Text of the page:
Aftermath of a Pro-syrian Rally by Golan Druze: Israel May Alter Its Perception of Syria As No Immed
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Aftermath of a Pro-syrian Rally by Golan Druze: Israel May Alter Its Perception of Syria As No Immed

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A violent anti-Israel pro-Syrian demonstration by Druze on the Golan Heights Sunday may alter Israel’s recent perception of Syria as a country too weakened by economic problems and ostracism by the West to pose an immediate threat to Israel.

The demonstration was occasioned by the 24th anniversary of the Syrian Baath Party, now headed by President Hafez Assad. It was the worst confrontation in a year between Golan Druze and the Israeli authorities.

About 100 high school students marched chanting pro-Syrian, pro-Assad slogans and waving Syrian flags. Police rushed to the scene were struck by rocks and other heavy objects. The policemen were injured and a Druze woman was wounded when police opened fire. She was reported in serious condition at Rambam Hospital in Haifa. The demonstrators were finally dispersed with tear gas. Several hours later, Assad appeared on Damascus television to hail the bravery of “the Syrian citizens in the Golan against the Zionist enemy.” He pledged that the “day of liberation” would come when the Golan will once again be part of Syria.

Assad’s bombast is nothing new and in fact most of his speech was relatively moderate, without the usual threats against Israel, the U.S., Western Europe and Egypt.


But the outburst on the Golan focussed attention here on the sudden change in Israel’s strategic assessment of Syria that emerged in statements by top policy-makers last month. Their political purpose was unclear.

Whereas Syria was long depicted as Israel’s most dangerous foe in the region with greatly improved ground and air forces capable of striking without warning, Defense Minister Yitzhak Rabin and others began to play down the menace.

According to them, Syria is in economic shambles, and Assad, constrained by domestic problems from adventures abroad, is forced to keep a low profile because of the exposure of Syria’s links with international terrorism.

Then the wheel began to turn. Assad, attending the Islamic summit conference in Kuwait in January appeared to join hands with his rival, President Hosni Mubarak of Egypt. A month later, Syrian tanks and infantry occupied most of Moslem West Beirut in what appears to be a successful effort to restore law and order in that violent city.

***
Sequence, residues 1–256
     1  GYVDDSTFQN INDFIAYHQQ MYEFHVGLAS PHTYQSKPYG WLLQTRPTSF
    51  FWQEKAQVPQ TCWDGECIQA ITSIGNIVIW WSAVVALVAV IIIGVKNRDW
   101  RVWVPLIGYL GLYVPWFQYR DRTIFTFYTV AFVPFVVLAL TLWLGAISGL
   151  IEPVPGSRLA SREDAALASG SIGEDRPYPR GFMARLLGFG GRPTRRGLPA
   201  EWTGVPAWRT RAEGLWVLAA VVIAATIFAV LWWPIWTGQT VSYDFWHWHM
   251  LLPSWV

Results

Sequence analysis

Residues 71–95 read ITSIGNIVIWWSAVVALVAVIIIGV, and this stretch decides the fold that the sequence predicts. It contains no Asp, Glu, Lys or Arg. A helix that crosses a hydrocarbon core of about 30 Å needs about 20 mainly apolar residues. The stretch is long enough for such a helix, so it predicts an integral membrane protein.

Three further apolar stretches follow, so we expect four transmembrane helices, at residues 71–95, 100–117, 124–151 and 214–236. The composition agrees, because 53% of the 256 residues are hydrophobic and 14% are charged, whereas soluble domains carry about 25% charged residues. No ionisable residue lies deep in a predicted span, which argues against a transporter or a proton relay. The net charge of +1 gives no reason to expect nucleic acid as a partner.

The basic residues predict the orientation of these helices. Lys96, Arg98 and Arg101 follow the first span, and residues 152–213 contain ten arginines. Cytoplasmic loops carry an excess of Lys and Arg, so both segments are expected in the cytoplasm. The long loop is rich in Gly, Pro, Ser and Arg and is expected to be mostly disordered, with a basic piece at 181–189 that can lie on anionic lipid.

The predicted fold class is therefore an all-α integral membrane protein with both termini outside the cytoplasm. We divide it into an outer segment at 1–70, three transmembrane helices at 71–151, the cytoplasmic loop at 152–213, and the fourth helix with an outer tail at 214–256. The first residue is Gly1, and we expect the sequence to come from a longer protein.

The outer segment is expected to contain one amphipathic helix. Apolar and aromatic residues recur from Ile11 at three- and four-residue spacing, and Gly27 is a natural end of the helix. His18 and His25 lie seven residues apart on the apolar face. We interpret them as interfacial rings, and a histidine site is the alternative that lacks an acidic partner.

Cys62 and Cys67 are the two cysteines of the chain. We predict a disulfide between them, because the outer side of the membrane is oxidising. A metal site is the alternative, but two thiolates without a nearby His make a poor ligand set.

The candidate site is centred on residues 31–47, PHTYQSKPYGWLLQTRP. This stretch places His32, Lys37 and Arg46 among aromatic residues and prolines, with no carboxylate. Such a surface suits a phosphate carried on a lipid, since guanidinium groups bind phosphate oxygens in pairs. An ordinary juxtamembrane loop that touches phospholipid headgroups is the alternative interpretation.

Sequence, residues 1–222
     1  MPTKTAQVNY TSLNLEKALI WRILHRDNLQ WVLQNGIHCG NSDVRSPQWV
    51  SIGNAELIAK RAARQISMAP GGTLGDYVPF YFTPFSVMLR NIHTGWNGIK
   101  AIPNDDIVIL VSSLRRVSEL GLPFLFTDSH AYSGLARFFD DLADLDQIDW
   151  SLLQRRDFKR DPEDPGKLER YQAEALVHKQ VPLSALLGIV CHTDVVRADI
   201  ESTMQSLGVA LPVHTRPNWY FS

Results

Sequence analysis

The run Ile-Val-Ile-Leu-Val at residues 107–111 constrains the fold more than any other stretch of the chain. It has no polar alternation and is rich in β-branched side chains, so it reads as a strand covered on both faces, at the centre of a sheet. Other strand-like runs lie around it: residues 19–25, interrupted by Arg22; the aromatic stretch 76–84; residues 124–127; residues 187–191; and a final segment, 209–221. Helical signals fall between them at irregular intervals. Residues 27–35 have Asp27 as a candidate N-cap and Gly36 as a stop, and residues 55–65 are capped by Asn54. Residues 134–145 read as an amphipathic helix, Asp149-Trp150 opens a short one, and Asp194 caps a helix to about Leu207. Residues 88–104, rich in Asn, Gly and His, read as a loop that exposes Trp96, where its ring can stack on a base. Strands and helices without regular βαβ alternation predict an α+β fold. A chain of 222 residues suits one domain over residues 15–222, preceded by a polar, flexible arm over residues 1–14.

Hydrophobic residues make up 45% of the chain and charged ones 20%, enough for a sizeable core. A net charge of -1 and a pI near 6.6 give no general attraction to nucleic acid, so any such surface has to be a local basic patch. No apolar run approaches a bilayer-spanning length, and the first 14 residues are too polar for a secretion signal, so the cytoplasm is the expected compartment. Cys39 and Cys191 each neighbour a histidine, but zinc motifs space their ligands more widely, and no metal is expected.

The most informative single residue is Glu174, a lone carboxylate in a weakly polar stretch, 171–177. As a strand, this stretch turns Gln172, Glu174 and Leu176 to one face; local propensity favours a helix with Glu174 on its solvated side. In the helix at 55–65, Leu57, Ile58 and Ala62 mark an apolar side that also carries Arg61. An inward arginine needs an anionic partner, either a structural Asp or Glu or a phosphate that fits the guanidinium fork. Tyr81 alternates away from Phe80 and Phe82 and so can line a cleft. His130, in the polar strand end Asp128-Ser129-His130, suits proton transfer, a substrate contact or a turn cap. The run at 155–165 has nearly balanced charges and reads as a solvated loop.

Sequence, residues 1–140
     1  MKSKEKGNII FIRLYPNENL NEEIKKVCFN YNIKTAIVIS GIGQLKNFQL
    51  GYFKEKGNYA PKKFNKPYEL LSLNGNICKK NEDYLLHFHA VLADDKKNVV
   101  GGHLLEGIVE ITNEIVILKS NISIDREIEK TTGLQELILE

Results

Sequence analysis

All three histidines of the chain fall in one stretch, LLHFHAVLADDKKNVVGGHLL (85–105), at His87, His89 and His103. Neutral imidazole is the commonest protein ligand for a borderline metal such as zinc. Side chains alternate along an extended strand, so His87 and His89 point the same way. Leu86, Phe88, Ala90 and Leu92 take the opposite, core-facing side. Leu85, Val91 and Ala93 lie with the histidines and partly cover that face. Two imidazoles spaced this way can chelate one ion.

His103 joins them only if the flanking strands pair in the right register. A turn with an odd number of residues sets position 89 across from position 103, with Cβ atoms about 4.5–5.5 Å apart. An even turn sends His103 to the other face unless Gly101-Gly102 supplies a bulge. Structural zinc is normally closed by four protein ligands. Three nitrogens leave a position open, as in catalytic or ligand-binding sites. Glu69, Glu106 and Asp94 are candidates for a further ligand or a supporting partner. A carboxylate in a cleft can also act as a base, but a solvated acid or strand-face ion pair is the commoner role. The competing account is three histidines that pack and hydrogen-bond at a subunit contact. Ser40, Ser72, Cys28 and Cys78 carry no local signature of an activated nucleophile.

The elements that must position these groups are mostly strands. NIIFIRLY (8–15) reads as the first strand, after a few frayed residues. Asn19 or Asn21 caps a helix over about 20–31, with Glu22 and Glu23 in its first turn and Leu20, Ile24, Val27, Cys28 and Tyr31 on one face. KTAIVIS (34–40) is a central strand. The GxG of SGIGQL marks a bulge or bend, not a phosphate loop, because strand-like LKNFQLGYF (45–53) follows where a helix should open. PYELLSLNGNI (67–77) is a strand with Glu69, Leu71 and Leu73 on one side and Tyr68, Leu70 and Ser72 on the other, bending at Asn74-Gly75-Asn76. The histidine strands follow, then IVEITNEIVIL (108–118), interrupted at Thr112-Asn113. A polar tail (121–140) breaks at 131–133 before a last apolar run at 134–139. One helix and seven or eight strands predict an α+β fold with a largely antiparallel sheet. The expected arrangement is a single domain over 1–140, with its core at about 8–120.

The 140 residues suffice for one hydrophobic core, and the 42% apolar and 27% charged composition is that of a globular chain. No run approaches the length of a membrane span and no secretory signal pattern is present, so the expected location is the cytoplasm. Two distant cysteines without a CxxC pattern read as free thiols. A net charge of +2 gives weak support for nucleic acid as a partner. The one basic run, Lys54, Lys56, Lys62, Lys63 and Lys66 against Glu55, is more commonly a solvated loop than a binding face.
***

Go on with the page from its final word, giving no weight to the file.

Israel, which itself entered West Beirut nearly five years ago, reacted calmly. Assad said he sent his army into the Lebanese capital because he could no longer stand seeing the city “drown in a bloodbath.”


Israelis of course know his motives were more self-serving than humanitarian. Syria feared the collapse of the mainstream Shiite militia, Amal, in its bloody confrontation with Palestinian terrorists and extremist Moslem factions. Damascus also shares Israel’s concern that the Palestine Liberation Organization may regain its power in Lebanon. Instability in Lebanon threatens the stability of Syria. Assad’s move into Beirut was also calculated to rehabilitate his image in Western public opinion and in the Arab world. For the time being at least, the daily shooting and bombings have ceased. Kidnappers are not snatching victims off the streets. Businesses have reopened and the Lebanese Pound has revived.

Syrian forces have inflicted bloody losses on the extremist, pro-Iran Hezbullah strongholds in Beirut and that alone may go far to restore Assad’s image in the West and put Syria on the map as a key element in Middle East strategy.

Assad made two connected remarks in his Sunday television speech. He said he expected reconciliation and an accord in Lebanon and he praised the “national Lebanese resistance” against the “Israeli occupier in the south.”

If a national accord is reached in Lebanon, Assad will doubtlessly try to unite the various factions against Israel. That will not be easy considering that the Lebanese civil war has been going on since 1976. But it is necesary to prevent Syria from sinking into the Lebanese quagmire.

Israelis agree that a stable Lebanon is in their best interests. As long as the Syrian army is kept busy maintaining order there, Assad is not likely to launch any strikes on the Israeli border.

Israeli policymakers assume he will avoid crossing the “red lines” which would trigger an instant reaction by Israel. Those lines have never been drawn. But Assad is aware of them and knows where they are.

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